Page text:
The values received from the mixer are transformed into PWM signals for each motor. The inputs are the values from the mixer as well as 3 values from its other s_axilite ports. These other three values are calibrated unsigned integers which represent the minimum duty cycle, the maximum, and the period length. The values are found through experimentation and used to match the specification of the maximum frequency that the Electronic Speed Controllers (ESCs) allow. For us, this was 1.12ms, 1.92ms, and 2.5ms respectively. The algorithm of this method is that is stores the channels locally and updates at the end of each cycle. The basic algorithm is to reset when the accumulator is equal to the period, set all channels high if less than the min duty cycle, and set all channels low if above max duty cycle. If between min and max, for each channel, if the accumulator is greater than the channels’ power converted to the min-max range, set the channel low. The channel may not be set high again until after the period. This prevents repeated rising edges which can lead to unknown effects in high-frequency systems and unexpected thrust in low-frequency systems.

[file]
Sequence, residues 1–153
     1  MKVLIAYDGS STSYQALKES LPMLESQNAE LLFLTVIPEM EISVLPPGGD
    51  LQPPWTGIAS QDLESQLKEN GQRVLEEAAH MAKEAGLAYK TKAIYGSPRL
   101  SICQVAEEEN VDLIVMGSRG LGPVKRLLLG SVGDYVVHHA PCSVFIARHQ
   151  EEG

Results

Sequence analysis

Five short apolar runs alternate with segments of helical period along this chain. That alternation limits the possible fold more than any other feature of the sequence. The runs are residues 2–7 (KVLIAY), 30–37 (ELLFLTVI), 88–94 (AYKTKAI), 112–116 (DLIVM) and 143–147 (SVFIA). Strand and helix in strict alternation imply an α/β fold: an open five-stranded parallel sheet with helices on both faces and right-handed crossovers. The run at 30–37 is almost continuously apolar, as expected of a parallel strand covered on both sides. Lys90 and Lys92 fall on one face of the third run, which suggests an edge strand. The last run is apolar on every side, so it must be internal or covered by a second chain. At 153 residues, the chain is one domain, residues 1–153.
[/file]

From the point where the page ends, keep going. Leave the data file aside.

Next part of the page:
Looking Forward

By the end of this week, we hope to integrate the sensors into the system to allow for closed-loop control. We also hope to have the parameters tuned through single axis tuning so that it will be safe to fly in rate mode by the end of next week. If all goes well, we may try to redefine the errors which we place into the PID controller to gain attitude control. Until my team finishes the integration of the sensors, I will personally be writing up documentation for everything I have done as well as writing manuals to help students and/or teachers use this system to teach synthesis. Over the remainder of the program, I hope to write an educationally focused paper, a technical document, heavy code documentation, and a user manual. These will allow others to pick up the system for further research and allow educators to use this to teach.